STATE COLLEGE, CENTRE COUNTY - In part 1 of this story, we saw a young Centre County girl in her fight against leukemia.
An up and down battle with improvements and relapses.
Now we'll show you, how she goes through a treatment never been done before. One that uses the HIV virus to fight cancer.
WTAJ News found, the Whiteheads say they're not sure they would have made it, with out Penn State's THON.
Last year, Emily Whitehead wanted nothing more than to dance at THON. But in 2011, Emily then six, had just been diagnosed with cancer for the third time. Doctors told the Whiteheads chemo wouldn't help her anymore. The best chance for her surviving, would be to transfer her to
Philadelphia. There, doctors would take her blood, inject it with HIV to train her cells to fight the cancer. Only three adults had ever tried it, Emily Whitehead was the first child.
It's May 2012... Doctors at the Children's Hospital of Philadelphia took the HIV virus out of Emily Whitehead's blood. With the cells in Emily's blood trained to fight her cancer, Kari Whitehead says all she could do is wait and pray for her daughter.
"They tested her bone marrow again on May 10th, and that's whenever we found out that she was in remission... Am I dreaming this, because we had hoped so many times before, just to find out that she, the cancer was back or that chemotherapy wasn't working..."
It's been two long years for the Whiteheads. But Emily's dad Tom Whitehead says for him and his wife, both PSU alums, this very tough time was made easier, with the help of their Penn State family.
"When we were at Hershey being treated, we didn't have to lose a night's sleep about financials at all because we had thon backing us up."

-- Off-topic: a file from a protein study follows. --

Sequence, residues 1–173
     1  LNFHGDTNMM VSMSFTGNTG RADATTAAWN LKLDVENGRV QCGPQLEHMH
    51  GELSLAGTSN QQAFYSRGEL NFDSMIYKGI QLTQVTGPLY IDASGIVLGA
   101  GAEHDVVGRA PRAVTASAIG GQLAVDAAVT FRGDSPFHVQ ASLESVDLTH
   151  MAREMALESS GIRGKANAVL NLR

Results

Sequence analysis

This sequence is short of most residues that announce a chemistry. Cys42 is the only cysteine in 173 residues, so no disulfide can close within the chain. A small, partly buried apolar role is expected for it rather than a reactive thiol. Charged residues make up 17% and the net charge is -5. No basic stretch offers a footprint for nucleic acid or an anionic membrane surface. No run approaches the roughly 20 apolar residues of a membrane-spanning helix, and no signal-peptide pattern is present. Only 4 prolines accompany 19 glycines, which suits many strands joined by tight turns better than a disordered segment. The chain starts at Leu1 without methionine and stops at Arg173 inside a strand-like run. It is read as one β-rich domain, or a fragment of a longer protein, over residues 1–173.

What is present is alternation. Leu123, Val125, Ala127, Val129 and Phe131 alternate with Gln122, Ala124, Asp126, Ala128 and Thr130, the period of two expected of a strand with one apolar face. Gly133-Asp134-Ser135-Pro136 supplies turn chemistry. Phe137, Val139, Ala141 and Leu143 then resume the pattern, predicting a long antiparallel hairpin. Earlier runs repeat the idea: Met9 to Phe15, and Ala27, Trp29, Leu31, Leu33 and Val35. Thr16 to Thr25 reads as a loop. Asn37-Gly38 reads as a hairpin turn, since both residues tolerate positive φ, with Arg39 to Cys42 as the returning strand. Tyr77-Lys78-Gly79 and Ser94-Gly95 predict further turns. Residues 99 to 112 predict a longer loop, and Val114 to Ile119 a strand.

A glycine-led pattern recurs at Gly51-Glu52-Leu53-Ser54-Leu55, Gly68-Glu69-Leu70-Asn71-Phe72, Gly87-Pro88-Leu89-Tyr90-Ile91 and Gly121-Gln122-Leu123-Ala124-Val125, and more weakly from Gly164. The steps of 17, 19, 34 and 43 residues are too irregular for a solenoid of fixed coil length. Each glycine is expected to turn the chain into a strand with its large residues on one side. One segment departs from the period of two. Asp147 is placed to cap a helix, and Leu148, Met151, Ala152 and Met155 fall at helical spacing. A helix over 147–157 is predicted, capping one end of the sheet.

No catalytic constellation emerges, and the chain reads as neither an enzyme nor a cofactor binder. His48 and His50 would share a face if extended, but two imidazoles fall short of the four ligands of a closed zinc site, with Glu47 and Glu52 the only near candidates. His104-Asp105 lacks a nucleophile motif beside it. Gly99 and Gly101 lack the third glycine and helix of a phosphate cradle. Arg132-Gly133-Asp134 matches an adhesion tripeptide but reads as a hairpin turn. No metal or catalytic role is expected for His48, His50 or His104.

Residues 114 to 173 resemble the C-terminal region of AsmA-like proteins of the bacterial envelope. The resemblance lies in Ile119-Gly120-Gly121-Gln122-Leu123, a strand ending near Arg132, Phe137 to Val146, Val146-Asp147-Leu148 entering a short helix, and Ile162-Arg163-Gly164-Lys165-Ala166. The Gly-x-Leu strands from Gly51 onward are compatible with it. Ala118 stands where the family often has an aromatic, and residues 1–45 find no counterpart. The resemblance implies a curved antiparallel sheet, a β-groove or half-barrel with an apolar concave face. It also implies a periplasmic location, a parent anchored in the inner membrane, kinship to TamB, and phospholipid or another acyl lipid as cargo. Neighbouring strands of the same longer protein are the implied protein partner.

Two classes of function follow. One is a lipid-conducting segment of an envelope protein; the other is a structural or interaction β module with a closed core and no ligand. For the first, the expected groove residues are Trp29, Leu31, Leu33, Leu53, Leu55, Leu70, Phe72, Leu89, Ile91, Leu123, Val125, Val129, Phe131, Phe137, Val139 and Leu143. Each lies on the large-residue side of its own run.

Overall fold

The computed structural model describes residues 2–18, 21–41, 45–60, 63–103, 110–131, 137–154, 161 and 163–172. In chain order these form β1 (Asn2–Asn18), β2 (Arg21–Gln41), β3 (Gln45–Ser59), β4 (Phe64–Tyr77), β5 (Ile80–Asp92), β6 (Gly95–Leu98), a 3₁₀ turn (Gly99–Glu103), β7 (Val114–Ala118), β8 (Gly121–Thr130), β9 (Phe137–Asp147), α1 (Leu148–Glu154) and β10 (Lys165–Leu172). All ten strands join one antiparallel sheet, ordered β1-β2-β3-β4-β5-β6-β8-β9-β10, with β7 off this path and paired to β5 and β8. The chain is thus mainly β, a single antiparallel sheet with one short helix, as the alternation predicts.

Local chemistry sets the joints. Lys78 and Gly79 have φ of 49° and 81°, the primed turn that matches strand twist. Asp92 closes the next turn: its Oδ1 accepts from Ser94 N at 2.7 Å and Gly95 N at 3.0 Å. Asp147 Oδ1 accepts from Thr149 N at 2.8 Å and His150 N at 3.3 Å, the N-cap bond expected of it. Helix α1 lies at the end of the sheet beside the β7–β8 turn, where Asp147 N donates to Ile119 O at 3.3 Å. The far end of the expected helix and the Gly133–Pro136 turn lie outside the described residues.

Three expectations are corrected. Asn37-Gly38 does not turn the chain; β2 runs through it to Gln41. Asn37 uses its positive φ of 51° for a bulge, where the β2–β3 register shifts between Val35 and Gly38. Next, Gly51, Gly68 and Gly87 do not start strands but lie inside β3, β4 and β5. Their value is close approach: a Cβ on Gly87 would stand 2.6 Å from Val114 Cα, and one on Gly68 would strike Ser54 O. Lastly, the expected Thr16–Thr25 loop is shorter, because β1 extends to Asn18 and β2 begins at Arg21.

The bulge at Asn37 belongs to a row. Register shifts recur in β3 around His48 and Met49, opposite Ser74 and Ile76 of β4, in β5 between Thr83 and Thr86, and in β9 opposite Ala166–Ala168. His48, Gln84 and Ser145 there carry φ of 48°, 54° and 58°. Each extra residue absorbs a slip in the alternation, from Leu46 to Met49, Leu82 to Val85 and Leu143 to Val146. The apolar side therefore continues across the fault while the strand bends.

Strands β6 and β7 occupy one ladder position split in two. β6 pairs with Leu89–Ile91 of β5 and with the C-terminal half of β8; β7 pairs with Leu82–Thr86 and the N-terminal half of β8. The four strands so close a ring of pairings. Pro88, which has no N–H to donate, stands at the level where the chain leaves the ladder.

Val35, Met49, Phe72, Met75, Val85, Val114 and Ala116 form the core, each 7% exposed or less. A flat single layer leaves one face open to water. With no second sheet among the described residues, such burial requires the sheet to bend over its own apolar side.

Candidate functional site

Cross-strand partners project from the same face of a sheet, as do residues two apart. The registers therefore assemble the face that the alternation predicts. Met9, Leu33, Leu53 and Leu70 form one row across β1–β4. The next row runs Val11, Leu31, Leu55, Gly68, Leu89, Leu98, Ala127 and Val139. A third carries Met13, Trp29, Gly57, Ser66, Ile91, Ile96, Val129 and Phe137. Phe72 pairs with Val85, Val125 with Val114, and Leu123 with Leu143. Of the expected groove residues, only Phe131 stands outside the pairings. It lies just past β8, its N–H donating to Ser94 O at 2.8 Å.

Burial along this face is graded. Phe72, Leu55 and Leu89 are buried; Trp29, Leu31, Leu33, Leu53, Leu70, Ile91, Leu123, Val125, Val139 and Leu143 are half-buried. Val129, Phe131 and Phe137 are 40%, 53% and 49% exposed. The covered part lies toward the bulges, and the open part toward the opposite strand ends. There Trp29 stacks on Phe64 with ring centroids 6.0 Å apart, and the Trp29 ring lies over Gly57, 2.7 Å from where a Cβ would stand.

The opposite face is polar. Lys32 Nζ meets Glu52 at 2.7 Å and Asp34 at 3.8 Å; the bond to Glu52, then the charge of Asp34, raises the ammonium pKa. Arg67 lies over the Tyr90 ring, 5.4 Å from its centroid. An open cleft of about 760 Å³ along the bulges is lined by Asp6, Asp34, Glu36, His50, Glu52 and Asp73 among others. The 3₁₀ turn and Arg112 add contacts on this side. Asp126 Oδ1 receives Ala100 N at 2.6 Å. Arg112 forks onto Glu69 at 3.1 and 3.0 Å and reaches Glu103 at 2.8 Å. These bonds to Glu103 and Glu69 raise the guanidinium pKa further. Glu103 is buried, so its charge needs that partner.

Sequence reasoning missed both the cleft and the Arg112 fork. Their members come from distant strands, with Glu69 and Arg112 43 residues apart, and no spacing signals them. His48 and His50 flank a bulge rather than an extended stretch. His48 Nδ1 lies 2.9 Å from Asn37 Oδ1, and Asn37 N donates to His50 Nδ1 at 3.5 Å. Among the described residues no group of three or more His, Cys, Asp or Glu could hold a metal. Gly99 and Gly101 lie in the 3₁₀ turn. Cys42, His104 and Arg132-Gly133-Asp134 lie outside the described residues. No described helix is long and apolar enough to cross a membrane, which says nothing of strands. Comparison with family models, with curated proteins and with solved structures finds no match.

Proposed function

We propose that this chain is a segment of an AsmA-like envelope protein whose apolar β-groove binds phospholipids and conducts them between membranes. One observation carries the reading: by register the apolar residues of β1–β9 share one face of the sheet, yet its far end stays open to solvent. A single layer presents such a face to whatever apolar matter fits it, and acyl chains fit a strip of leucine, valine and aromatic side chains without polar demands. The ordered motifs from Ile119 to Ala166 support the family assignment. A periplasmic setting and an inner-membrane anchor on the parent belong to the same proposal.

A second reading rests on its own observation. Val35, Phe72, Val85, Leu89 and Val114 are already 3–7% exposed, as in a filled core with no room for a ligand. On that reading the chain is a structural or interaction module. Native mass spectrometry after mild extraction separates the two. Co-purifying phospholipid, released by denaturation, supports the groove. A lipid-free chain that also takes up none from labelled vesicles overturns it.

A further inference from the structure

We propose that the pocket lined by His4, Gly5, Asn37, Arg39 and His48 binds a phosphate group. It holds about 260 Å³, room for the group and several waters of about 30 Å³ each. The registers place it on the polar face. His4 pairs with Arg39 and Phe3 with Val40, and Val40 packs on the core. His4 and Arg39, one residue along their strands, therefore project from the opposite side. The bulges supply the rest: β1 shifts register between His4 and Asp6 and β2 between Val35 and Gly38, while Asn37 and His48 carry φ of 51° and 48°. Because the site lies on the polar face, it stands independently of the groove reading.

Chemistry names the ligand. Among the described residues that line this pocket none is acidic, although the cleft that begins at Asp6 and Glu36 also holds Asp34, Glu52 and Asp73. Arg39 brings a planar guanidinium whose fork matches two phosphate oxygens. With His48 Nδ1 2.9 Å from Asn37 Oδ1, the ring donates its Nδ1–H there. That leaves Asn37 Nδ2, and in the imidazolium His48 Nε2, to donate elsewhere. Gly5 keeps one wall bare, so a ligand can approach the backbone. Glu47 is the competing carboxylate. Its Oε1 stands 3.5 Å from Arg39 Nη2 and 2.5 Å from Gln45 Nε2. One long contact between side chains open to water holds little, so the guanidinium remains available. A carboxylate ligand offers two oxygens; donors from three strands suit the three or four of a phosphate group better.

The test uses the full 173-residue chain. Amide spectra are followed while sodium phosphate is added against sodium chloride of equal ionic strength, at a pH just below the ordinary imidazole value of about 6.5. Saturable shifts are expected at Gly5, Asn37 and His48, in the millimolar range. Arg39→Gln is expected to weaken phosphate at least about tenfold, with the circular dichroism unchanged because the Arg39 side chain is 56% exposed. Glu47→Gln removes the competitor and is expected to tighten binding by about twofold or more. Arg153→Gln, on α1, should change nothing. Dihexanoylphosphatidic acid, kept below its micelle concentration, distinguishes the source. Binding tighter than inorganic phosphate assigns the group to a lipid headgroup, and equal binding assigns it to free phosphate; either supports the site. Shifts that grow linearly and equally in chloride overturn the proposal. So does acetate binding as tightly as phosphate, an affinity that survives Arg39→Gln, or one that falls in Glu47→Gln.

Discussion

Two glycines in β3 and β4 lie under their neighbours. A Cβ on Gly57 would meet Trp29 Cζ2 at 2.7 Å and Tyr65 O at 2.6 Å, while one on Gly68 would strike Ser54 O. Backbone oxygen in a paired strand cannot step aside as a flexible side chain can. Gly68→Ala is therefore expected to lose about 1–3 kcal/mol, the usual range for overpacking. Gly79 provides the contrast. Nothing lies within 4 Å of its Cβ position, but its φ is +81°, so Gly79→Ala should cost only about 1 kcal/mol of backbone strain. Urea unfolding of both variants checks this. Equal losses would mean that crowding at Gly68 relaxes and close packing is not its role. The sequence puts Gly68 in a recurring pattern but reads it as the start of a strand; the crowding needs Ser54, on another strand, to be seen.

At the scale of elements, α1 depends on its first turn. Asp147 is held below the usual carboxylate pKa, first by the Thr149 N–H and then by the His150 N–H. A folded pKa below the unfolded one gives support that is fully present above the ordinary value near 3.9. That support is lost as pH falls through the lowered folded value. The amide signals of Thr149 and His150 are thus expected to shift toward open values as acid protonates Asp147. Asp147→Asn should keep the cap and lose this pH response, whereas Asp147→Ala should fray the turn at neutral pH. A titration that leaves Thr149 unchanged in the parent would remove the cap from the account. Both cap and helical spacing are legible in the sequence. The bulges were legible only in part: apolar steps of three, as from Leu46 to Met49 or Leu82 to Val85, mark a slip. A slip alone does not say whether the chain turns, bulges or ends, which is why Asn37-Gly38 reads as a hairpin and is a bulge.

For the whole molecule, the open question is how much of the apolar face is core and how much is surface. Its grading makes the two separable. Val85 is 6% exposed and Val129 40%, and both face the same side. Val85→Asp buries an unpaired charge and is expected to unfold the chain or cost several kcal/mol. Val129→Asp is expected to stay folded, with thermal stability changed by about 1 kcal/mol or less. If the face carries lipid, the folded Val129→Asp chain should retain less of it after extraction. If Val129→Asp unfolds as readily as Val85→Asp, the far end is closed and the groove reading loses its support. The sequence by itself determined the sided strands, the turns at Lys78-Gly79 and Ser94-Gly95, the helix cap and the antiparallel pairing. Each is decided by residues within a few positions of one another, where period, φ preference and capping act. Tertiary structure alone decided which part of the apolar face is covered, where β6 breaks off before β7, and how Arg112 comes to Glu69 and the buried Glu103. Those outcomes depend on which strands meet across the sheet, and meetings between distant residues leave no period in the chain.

The money raised by Penn State's THON went to their wing. When the insurance money ran out, when groceries were too much, the Four Diamonds Fund stepped up.
"Can you guys afford to keep up with Emily's medical bills had it not been for THON?" "No, no"
"So it's safe to say, that THON saved her life..." "Yes..."
When they went to Philly, In their darkest hours Tom Whitehead says Penn Staters showed up.
"When they told us it's time to call your family in, down at CHOP in Philadelphia, the hallway was full of Penn State students that we didn't ask to come, they came on their own."
Kari Whitehead still can't believe the turnout.
"The THON students came, they drove four hours in the middle of the night during finals week. Because they told us that Emily might not make it through the night."
Penn State Senior Cat Powers is the Overall PR Chairperson for THON 2013. But she has been involved in THON for all her four years at PSU.
"...While the financial aspects of everything are so important to us, the emotional aspect is really something that a lot of our volunteers just really are passionate about...
Tom Whitehead says he won't stop thanking them.
"There's just not enough thanks we can say to the people who showed up and supported us, they're our family too."
Tom Whitehead's not the only one thanking THON. Emily is too...
Powers says Emily's Penn State family is waiting for her this year.
"To see Emma just as happy, running around, being a normal little kid is truly a testament to the strength and human spirit of THON... To me at the end of the day, the true success is helping put a smile on their faces."
Emma too says she has plans for THON weekend.
"What are going to do at THON this year?
After beating cancer three times, Emily Whitehead will dance at THON this year. She says she never gave up.
"Always believe in yourself."
"Did you believe in yourself?"
Her time to dance is now.
THON's the largest run student philanthropy in the world. On January 28th, Emily was checked out and is now at nine months of remission since her historic trial in Philadelphia. Doctors won't consider her cured until she's cancer free for 2-5 years. The Whiteheads will speak at at THON weekend. We'll bring you full coverage all weekend.